Welcome to March meteorology madness.
A paralyzing nor’easter wreaked havoc on planes, trains and automobiles Friday, with two people left dead during a daylong deluge that crippled Amtrak and local airports.
Close to 1,600 flights were canceled at the three New York-area airports, while America’s railroad was forced to shut down its Northeast Corridor service between Boston and Washington in the early afternoon.
“Major flooding, high winds, and many downed trees have unfortunately caused multiple issues,” the railroad tweeted before closing up shop until Saturday.
Woman dies after car crashes, catches fire in Brooklyn
“Despite our best effort to restore service, we have determined at this time it is not safe to do so.”
Officials reported two fatalities in the wind-whipped mix of ice, snow and rain: A 42-year-old woman who died in a multi-car Brooklyn crash and an 11-year-old Putnam County boy crushed when a tree fell into his house.
Firefighters and cops dug through the debris in a desperate but unsuccessful effort to save the child. Winds up to 60 mph were reported in the area.
The female driver died after losing control of her car in the snow and rain on E. 32nd St. in East Flatbush.
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Her burgundy Nissan plowed into a parked livery cab, a parked bus and several other parked cars before slamming into a tree — and bursting into flames.
A more fortunate Queens teen cheated death when a falling tree clipped her in the head on the CUNY York College Campus in Queens. The 18-year-old was hospitalized in serious condition, authorities said.
The relentlessly pounding rains and winds gusting as high as 55 mph on a raw March day created chaos across the boroughs and into the suburbs.
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“As the saying goes, March is coming in like a lion and we are preparing for heavy snow, rain and flooding across New York this weekend,” said Gov. Andrew Cuomo.
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NJ Transit riders suffered through hour-long delays all afternoon due to weather-related problems, while bus service into the Port Authority Bus Terminal operated with 30-minute delays.
Both Metro-North and the Long Island Rail Road were afflicted with service delays by the potent storm.
A pair of tractor-trailer accidents and the whipping winds forced the temporary closing of the Verrazano Bridge’s upper level.
Once reopened, all vans, 18-wheelers, motorcycles and mini-buses were banned from the span between Staten Island and Brooklyn.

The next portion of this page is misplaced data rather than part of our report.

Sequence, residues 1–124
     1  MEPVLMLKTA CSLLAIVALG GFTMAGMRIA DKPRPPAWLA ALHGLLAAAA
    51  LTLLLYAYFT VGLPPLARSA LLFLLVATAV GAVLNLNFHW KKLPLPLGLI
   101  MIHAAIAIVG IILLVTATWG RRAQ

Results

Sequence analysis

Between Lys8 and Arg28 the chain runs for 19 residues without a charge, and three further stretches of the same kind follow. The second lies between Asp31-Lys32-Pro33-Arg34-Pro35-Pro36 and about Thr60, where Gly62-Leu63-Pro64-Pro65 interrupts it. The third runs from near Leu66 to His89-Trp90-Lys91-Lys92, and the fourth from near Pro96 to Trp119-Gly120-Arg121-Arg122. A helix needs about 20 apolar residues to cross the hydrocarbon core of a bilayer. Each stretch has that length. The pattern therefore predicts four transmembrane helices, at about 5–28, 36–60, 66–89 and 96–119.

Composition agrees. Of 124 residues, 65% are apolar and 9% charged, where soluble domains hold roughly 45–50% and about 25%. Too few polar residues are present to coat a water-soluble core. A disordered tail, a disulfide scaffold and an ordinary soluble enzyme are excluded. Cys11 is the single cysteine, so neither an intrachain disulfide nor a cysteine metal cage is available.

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No injuries were reported in the two accidents on the Staten Island-bound lanes.
The rain/sleet/snow combo was expected to rage into night, with temperatures rebounding into the mid-40s Saturday under cloudy skies.
Reports of trees toppled by the powerful storm included one knocked down on 195th St. in St. Albans, Queens, and a second leveled across the fronts of three homes in Flatbush, Brooklyn.
A 60-foot pine tree torn from the ground by the winds crushed a pair of cars in Queens Village. Martin Van Buren High School student Sadia Khan, 15, heard the commotion during her Spanish class.
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“The wind was making really weird sounds,” she recalled. “It was hitting the glass, the windows, and it was really strong. I thought I heard (the tree) fall and then people screaming.”
Downed tree branches on the tracks knocked out service on the No. 5 subway line in the Bronx from Eastchester-Dyre Ave. and E. 180th St.
Consolidated Edison reported close to 60,000 customers without electricity by mid-afternoon, while PSEG Long Island said 36,099 customers were powerless.
A high wind warning remained in effect for the area through 6 a.m. Saturday.
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The ugly weather canceled more than 700 flights at LaGuardia Airport, along with 486 at Newark Airport and another 401 at Kennedy Airport, according to the website FlightAware.com.
Passenger Paul Sagar, 51, of Windsor Heights, Iowa, was stranded at LaGuardia after his flight to Des Moines was scuttled.
“I’d rather it be canceled and have to wait that fly in bad weather,” said Sagar. “Nothing worse than feeling storm turbulence and holding onto your seat. I’ll take the long wait.”
Forecasters also warned of “significant beach flooding and erosion” along the New York and New Jersey coastlines from the winds and rising tides.
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New Jersey officials were particularly worried about a stretch of sand south of Atlantic City, where beach repairs were still underway from previous storms.
With Thomas Tracy, Ellen Moynihan
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DAN RIVOLI, CHELSIA ROSE MARCIUS, LARRY McSHANE